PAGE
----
With the impending taxation of cryptocurrency gains in South Korea, a recent poll showed that most citizens are in favor of such a rule. When it came down to age, though, the younger generations were significantly less opened to the idea of getting taxed for their crypto trading.
South Koreans Support Crypto Taxation
The East Asian country has dabbled with implementing cryptocurrency regulations and taxation on profits for years. However, the unexpected breakout of the COVID-19 pandemic put most plans on hold.
Nevertheless, the most recent reports seem conclusive, indicating that authorities will indeed place a 20% tax on gains made from cryptocurrency trading at the start of next year.
Moreover, South Korea’s Finance Minister – Hong Nam-Ki – recently warned that such rules are “inevitable” to start from 2022.
Somewhat surprisingly, most South Koreans support the idea of paying 20% of their profits made by digital asset trading to the government, according to a survey conducted by a local company called Realmeter.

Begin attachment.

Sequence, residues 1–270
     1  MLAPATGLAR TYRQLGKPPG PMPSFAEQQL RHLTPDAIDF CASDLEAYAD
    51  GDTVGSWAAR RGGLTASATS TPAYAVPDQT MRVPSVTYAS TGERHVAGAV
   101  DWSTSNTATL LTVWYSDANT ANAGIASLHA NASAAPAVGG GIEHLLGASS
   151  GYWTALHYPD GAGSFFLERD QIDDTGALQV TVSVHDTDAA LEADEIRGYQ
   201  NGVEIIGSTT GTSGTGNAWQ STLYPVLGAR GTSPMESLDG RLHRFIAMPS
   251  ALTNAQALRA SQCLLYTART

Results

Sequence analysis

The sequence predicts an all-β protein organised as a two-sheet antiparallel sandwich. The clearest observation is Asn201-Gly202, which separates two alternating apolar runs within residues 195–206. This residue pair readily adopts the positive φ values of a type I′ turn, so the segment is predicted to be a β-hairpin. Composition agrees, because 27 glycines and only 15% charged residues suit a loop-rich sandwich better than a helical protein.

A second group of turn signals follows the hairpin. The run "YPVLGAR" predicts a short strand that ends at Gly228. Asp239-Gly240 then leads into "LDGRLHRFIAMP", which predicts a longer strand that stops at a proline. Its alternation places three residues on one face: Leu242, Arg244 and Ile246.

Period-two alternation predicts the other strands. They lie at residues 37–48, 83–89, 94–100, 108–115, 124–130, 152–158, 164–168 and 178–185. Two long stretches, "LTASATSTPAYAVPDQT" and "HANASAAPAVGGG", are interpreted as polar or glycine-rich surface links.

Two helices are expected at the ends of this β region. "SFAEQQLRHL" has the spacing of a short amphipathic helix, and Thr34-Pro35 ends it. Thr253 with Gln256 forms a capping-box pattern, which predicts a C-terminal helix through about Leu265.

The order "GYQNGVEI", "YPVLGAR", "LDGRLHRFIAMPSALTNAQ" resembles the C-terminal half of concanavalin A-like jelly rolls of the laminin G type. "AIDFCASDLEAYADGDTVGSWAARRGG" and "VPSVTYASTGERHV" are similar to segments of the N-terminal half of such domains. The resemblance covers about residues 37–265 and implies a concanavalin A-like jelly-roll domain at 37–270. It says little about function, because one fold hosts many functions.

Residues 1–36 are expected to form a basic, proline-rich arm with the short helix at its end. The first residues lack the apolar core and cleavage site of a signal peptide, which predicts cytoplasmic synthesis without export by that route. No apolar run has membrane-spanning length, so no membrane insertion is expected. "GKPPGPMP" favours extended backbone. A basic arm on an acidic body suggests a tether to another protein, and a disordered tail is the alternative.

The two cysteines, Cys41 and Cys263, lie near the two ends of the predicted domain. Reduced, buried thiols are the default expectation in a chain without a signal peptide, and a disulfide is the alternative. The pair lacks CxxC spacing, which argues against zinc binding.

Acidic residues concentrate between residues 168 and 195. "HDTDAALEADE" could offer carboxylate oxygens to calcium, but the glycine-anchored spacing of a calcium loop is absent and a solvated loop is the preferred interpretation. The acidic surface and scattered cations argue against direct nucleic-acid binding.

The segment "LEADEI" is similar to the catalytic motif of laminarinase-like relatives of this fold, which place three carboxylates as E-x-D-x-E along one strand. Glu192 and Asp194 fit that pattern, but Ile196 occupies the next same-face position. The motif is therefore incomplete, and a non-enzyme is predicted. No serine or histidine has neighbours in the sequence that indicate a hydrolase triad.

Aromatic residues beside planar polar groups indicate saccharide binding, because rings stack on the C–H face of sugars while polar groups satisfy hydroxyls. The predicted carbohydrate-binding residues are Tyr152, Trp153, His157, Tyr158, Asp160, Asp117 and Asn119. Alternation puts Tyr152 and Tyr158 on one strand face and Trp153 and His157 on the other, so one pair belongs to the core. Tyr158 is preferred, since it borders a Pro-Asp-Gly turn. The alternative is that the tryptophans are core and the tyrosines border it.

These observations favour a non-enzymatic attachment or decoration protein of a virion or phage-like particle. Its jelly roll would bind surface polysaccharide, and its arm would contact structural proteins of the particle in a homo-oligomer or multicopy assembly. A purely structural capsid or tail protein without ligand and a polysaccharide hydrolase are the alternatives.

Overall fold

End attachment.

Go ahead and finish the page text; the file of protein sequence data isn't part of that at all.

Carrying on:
The results show that 53.7% of all participants backed the planned taxation, while only 38.3% were against it. Interestingly, female respondents were most supportive of the taxation rules.
Those aged between 20 and 29, considered the most actively trading generation, were against the incoming law, with 47.8% opposing it. Further data showed that more than two million people from the aforementioned age group had experience in trading digital assets.
Crypto Regulations in South Korea
While the country will “inevitably” tax crypto gains, it’s also actively discussing what type of legislative framework it needs to establish around digital assets.
The latest rule that came into effect in late March outlined hefty penalty standards and possible fines for all virtual asset services providers (VASPs), including crypto exchanges, that fail to report suspicious transactions, to keep relevant data, and to keep separate management of customers’ transaction records.
The strict rules already impacted several digital asset-related businesses operating in the country, including some of the most popular exchanges. As previously reported, OKEx Korea and Binance Korea already shut down, while circulating rumors suggest others could follow suit shortly.